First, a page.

In these ways and countless others, Roger was the change he wishes to see in his county, and creates opportunities for those around him to be that as well. Thanks to Roger for all he has done to make Benton County Sustainability a reality!
The 2013 Benton County Sustainability Award went to Sayard Schultz, On-Call Corrections Deputy, Benton County Sheriff’s Office. Sayard continuously promotes sustainable actions in her department and throughout Benton County. Sayard's most notable accomplishments include:
Sayard continues to enthusiastically support the Benton County sustainability projects as an energetic and knowledgeable member of the Benton County Sustainability
The 2012 Benton County Sustainability Award went to Lonny Wunder, Fairgrounds Manager and Chris Bielenberg Fairgrounds Manager for the 'Fairgrounds Solar Array Project'.
Chris and Lonny worked with the volunteer Fairgrounds Board and local contractors, along with the Oregon Department of Energy to construct a livestock building powered by 306 roof-top solar modules funded by the American Recovery and Reinvestment Act.
The Fairgrounds Solar Array will meet nearly a quarter of the fairgrounds’ annual energy needs and cut energy costs by $4,200 per year. The 82,700 kilowatt hours of solar-generated electricity will avoid 1.1 million pounds of greenhouse gas emissions – equivalent to reducing automobile travel by 121,724 miles a year or planting 7.7 acres of trees. read more…
Inside the 12,000-square-foot space a Solar Education Center displays information about the solar array, providing hundreds of local students with the opportunity to learn how the sun’s energy can be turned into electricity. The center was funded by the Oregon Department of Energy using Energy Efficiency and Conservation Block Grant funds from the Energy Department.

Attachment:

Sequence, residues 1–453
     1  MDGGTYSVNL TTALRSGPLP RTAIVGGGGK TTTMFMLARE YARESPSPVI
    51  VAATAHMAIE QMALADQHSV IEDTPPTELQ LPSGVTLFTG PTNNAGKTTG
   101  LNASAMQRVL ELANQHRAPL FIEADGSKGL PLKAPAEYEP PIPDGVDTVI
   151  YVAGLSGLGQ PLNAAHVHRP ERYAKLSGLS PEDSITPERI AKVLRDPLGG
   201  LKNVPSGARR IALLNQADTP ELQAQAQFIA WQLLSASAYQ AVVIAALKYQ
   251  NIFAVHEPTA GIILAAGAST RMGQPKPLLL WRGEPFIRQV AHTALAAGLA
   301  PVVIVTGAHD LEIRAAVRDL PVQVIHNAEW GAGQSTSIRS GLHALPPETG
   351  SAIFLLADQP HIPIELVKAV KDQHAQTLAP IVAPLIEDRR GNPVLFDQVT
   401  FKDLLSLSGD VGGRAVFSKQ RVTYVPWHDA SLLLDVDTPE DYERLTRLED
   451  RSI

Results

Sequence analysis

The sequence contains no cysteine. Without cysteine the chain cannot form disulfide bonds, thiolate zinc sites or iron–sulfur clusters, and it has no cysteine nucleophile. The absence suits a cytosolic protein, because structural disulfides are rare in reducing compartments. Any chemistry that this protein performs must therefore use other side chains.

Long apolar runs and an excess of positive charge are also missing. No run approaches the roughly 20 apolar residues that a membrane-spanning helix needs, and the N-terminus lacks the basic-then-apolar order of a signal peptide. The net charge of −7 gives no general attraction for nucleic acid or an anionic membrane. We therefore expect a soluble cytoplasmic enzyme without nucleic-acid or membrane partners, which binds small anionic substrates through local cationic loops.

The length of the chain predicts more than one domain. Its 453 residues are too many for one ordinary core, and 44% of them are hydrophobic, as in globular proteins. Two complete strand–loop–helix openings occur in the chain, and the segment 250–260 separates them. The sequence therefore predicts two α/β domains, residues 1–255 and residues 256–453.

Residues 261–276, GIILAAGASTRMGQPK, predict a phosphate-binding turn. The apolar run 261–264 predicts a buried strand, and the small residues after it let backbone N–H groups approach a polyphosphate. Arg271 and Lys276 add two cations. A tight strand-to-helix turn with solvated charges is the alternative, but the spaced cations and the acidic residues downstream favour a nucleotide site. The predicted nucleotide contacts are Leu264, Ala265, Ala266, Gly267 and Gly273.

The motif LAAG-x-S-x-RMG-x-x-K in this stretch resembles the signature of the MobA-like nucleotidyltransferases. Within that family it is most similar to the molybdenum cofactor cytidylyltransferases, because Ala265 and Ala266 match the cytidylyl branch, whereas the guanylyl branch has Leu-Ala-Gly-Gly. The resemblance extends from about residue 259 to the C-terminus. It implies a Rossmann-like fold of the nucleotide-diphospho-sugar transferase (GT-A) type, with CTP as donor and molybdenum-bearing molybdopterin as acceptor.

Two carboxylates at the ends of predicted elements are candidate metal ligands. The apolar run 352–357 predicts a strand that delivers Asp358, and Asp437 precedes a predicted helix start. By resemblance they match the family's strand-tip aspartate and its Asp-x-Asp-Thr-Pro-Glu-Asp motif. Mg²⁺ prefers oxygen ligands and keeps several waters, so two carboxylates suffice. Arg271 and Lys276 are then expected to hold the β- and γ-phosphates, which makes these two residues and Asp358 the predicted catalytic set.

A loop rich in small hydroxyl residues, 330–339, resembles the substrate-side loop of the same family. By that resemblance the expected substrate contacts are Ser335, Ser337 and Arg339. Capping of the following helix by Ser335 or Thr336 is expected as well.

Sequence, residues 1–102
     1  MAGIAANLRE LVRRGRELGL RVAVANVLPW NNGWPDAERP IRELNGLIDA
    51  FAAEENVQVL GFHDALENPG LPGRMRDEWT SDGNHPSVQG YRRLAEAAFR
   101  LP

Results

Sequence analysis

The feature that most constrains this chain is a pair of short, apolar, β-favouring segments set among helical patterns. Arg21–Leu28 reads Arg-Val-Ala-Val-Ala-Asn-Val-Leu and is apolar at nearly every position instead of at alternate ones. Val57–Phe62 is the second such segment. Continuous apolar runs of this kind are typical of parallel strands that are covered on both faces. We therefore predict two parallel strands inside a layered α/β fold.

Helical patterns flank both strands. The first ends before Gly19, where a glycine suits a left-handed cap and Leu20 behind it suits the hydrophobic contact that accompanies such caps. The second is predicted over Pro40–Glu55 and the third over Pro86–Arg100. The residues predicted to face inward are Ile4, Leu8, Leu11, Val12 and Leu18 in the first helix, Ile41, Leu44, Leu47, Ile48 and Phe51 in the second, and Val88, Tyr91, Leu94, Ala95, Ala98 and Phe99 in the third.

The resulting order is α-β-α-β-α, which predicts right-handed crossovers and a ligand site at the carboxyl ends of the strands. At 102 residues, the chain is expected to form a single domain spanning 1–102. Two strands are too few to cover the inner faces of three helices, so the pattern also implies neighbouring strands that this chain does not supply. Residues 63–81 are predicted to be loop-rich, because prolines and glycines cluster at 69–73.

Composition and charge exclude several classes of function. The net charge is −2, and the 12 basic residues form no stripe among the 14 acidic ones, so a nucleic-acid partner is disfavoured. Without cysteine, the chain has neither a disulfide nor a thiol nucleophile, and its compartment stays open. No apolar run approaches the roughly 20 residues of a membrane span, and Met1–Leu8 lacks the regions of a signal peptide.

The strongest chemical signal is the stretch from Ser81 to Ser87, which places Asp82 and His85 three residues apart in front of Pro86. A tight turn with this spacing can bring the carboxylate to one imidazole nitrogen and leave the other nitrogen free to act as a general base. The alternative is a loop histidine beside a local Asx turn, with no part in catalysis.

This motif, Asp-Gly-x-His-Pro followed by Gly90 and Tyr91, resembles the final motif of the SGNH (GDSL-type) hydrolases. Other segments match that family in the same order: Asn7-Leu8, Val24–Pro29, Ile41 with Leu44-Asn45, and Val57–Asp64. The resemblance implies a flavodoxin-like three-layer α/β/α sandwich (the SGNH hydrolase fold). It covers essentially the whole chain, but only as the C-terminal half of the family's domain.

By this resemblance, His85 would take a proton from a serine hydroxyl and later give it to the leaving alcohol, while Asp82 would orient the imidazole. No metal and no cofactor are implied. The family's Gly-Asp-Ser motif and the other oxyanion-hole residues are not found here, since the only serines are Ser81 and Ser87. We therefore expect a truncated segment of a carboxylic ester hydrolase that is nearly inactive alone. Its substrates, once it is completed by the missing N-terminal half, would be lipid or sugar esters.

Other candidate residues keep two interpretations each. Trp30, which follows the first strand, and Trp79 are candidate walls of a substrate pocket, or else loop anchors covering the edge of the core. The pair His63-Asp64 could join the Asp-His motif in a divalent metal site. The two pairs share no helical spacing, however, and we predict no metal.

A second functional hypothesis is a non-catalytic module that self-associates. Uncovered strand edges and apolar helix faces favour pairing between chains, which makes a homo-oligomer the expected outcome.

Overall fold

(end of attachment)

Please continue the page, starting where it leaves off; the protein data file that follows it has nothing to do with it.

Benton County has developed the Benton County Sustainability Metrics and Progress Report as a way to capture and share priority data with staff and residents. The Progress Report metrics and process for completion will focus on compiling, creating, and reviewing information for the priority categories of:
•Employees: Development and Wellness;
•Facilities: Energy, Natural Gas, Water;
•Transportation : Alternative Transportation, Fuel Usage, Travel Policy
•Waste Reduction: Trash, Recycling and Composting;
•Purchasing: Survey, Cost Analysis, Sustainable Substitutes
Sustainability metrics will be tracked on a routine basis to determine trends that inform staff/managers within all county departments. Staff and managers are encouraged to provide information to the Project Coordinator.
For more information on the Benton County Sustainability program, please contact Adam Stebbins, Benton County Sustainability Coordinator, 541-766-6085.
Benton County government must simultaneously meet environmental, economic, and community needs throughout our county. We must use, develop and protect our resources at a rate and in a manner that enables people to meet their current needs and also preserve resources for future generations.